With the war of the successors decided, Obregon the winner, Villa and Justo defeated, Zapata dead, MacBean leaves Mexico to serve as a medical volunteer in the European War of 1914 that outstrips even that of the Mexican Revolution in bloodshed, if not in the hatred generated. Later, like his father, he goes into the oil business in California. (Another world Oakley Hall seems to understand.) There, on the eve of much success, the sins of his own father, who is involved in the Tea Pot Dome oil scandal, are visited on the son.
MacBean marries and fathers two children by his first wife, who, not strong to begin with, is stressed beyond limits by MacBean's ties to the Adelita. Then the Adelita calls him back to Mexico to rescue her son. The child is supposedly the son of Elias Justo, but really the son of MacBean. The Adelita has foreseen the assassination by their political enemies of both Villa and Justo, and a potential threat of those enemies to the "son" of Justo. The rescue mission, involving an escape through the desert, populated by bandits and personal enemies, is as harrowing as any other part of the book. ("When they carried me across the border at Nogales, in a blanket, I weighed ninety-six pounds.")
And yet, even this escape does not free MacBean from his ties to Mexico, because his son is to be raised as the son of Elias Justo and the Adelita, so a youth of destiny, inevitably to be called by the Adelita to Mexico as a politician and potential savior of the Revolution. But who can live up to such dreams for such a country? In 1968, witnessed by MacBean, the Mexican government, in which his son is has an important role, orders the pre-Olympic massacre of protesting students at Tlatelolco in Mexico City. And thus MacBean is drawn back into the unfinished struggle for some sort of justice or righteousness or legality in Mexico.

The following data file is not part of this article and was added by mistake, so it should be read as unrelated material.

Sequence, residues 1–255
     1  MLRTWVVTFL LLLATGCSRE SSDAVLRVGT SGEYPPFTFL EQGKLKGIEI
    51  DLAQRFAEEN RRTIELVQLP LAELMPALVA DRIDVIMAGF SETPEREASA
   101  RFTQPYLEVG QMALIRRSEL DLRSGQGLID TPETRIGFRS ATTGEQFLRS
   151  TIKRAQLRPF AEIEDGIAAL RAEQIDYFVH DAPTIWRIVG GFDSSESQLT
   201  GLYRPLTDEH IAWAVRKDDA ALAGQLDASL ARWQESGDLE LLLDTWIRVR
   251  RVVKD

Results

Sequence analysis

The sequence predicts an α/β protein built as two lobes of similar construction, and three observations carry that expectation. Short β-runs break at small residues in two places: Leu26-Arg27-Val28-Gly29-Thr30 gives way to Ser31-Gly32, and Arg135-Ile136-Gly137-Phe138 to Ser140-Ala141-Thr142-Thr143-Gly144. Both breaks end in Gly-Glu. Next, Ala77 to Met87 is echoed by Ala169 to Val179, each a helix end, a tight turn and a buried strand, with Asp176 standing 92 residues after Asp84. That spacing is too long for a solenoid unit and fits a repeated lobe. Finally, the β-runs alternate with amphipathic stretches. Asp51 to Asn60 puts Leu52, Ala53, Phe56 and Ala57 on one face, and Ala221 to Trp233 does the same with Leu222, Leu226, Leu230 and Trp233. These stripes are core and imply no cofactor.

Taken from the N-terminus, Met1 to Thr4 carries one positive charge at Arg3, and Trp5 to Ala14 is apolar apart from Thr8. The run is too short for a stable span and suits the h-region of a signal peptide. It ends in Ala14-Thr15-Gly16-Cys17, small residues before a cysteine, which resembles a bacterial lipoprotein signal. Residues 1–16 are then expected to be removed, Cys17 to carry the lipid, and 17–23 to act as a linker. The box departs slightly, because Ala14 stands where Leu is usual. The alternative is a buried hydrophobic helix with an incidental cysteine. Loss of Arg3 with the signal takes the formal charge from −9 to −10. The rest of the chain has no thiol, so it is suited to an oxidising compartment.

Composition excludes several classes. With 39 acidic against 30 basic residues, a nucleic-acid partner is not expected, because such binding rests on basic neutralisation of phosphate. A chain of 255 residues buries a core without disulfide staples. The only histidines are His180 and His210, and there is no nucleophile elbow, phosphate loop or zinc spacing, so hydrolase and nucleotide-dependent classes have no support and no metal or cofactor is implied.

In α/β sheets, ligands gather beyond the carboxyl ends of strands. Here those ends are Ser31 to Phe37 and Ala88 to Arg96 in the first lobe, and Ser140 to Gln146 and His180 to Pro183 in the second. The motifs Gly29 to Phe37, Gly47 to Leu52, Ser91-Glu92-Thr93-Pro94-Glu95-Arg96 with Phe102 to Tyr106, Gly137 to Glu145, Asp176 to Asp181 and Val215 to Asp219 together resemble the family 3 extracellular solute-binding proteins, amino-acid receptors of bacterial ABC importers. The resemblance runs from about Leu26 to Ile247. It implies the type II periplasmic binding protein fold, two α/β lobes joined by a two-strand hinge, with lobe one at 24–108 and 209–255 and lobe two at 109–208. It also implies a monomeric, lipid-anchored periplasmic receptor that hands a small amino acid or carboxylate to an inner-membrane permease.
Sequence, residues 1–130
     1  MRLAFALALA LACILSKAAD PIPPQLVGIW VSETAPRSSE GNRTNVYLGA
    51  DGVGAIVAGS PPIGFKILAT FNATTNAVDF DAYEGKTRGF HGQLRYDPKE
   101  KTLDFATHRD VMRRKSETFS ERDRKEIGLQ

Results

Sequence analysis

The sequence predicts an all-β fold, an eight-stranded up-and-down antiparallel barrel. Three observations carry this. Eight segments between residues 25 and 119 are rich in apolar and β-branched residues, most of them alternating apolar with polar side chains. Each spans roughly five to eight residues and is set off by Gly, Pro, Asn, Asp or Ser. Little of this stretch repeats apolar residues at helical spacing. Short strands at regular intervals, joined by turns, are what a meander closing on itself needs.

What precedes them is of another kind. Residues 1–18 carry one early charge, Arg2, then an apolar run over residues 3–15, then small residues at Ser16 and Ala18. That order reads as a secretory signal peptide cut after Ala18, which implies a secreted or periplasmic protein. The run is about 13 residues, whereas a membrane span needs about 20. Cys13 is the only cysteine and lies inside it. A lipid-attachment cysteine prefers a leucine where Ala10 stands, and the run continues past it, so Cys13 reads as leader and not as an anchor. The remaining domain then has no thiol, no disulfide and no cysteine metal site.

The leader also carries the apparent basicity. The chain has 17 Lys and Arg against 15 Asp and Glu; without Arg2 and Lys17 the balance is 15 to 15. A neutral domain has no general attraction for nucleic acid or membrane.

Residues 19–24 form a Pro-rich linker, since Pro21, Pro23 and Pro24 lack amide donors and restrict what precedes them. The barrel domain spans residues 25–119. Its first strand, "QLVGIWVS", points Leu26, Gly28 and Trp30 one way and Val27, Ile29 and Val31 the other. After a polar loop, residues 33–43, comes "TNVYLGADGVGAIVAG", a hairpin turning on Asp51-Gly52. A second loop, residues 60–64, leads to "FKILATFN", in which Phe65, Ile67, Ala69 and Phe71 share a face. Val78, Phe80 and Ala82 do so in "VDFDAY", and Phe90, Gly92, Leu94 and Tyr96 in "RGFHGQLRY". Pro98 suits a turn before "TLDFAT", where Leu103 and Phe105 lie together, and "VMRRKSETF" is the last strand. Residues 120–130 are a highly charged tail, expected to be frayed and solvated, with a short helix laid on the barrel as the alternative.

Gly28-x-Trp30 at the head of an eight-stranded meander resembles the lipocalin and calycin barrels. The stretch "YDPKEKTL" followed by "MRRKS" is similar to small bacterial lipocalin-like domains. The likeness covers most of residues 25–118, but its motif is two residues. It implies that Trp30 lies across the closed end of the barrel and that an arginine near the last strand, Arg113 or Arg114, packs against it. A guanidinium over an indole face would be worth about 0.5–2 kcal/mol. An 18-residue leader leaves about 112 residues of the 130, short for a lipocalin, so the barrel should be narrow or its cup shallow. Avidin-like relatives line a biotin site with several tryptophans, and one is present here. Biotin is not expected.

MacBean, conflicted son of a failed father, rapist, murderer, poor husband, good father - as far as he is able, is also a savior of people when he can. Not only by his medical work during the Great War and during the Mexican War of the Successors, but by multiple acts of public charity and reporting during the years between his flight from Mexico with his son and the massacre at Tlatelolco. And yet, Mexico and the Revolution are his true love, and the Revolution is his ultimate source of redemption.
One thing Oakley Hall does in this book is mix in stories from real I witnesses of the Revolution as MacBean's memories. The first time I caught him at this I was outraged. It was a passage from John Reed's "Insurgent Mexico, With Pancho Villa in the Mexican Revolution". Yet a bit later, MacBean writes that he himself is writing in old age, and his memories are mixed and confused, so that it is only natural that he would find events 50 years earlier interpreted through books that he has read. I loved that idea and how it is carried out in the book, adding rather than subtracting to the authenticity of the narrator's memoirs. In addition, without apology, one of the great victories won by Elias Justo in this book is modeled on the historic capture of Ciudad Juarez by Pancho Villa.
Anyone who reads the newspapers or follows on the Internet knows that Mexico today is still a land of violent people and doubtful justice. The themes in Oakley Hall’s novels are universal and timeless.